Third is the gameplay itself. Let's face it, as human beings, we need entertainment in our lives. CCGs are a form of recreation. And perhaps what's attractive to me is the fact that it's a competitive sport. I mean playing solitaire, for example, is nice when you're extremely bored. But wouldn't you rather be playing something that involves other people, such as poker or bridge? It's different when you're playing with other people. It adds a random variable to the challenge. And for some, defeating other players, especially those with better skills and/or reputation, can be quite gratifying. Wizards of the Coast, distributor of Magic: The Gathering, holds regular tournaments worldwide, and some are even covered on ESPN 2. Playing card games holds the same thrill as playing basketball, or soccer, or boxing.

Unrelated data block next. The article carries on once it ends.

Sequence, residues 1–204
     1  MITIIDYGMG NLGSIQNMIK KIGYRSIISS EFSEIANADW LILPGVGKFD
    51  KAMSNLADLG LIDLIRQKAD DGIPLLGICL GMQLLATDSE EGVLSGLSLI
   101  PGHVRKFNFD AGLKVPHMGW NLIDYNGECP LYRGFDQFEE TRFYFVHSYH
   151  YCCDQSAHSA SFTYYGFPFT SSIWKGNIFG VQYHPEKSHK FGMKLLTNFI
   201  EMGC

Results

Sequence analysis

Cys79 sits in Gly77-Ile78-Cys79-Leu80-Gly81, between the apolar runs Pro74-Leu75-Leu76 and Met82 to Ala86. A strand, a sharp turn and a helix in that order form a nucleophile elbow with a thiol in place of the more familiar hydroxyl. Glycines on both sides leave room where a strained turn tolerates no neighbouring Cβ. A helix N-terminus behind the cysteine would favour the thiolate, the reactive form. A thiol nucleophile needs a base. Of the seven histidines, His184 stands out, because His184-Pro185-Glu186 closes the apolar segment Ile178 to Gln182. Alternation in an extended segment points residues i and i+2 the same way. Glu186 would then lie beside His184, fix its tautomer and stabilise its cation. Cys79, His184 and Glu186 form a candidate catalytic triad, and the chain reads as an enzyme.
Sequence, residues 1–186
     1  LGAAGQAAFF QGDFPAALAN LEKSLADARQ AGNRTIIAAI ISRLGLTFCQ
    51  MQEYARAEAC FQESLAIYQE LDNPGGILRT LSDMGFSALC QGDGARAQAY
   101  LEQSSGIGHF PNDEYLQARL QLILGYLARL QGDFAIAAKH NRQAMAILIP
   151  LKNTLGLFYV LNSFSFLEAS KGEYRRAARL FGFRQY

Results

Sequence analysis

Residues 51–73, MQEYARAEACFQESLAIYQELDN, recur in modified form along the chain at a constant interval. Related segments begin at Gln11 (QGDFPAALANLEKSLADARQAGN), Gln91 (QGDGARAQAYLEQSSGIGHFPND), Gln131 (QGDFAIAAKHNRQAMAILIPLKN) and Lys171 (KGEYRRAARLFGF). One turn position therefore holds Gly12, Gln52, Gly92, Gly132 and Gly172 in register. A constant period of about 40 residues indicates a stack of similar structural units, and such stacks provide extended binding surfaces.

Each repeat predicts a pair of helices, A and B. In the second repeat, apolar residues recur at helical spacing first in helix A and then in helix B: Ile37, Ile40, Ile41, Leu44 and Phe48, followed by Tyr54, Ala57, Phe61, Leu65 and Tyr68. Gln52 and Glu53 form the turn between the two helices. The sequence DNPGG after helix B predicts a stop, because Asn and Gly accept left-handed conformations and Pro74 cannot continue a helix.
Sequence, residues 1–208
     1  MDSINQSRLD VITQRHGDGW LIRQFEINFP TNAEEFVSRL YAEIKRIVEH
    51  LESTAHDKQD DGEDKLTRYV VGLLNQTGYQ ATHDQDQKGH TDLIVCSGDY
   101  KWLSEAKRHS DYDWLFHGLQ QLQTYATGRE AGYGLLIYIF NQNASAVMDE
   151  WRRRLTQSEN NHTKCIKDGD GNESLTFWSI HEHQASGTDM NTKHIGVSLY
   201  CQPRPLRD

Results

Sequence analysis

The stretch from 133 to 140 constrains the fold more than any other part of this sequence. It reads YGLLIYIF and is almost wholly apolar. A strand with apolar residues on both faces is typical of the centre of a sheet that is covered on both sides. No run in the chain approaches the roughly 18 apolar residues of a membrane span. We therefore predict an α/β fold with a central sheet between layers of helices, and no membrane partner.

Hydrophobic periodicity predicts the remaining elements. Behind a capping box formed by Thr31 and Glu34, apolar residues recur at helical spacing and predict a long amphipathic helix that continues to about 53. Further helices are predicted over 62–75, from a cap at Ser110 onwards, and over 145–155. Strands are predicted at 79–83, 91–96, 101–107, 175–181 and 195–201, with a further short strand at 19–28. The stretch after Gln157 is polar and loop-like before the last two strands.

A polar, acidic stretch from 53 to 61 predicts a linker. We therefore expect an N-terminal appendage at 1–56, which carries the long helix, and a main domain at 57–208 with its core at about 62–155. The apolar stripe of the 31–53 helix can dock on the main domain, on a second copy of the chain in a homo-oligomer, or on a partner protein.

Fourth, some people get into it to hone their bargaining skills. I mean CCGs are commercial enterprises and that means money moves around with them whether you like it or not. It takes money to bring them to the store, money to buy booster packs, money to purchase specific cards. A lot of people I know don't like this aspect of CCGs but hey, the designers of CCGs never claimed that CCGs wasn't a business. It's a fun game, yes, but it's a business enterprise as well. There are people who buy cards cheap and sell them at a profit. There are also people who specialize in trading the cards. There are even people who earn a lot by buying them cheaply here in the Philippines and selling them over the Internet at its international price. It might not appeal to some people but remember, it takes two to tango. If people weren't willing to buy it at a particular price, then there would be no sellers or traders. One can treat CCGs like a business and in certain respects, it's a good training ground for enterprising people. Some people hate them for that but I think that's being unfair. You don't have to trade with them (and remember that in any trade, both parties consent to the rules of the trade) and these people actually help other CCG players by giving them options.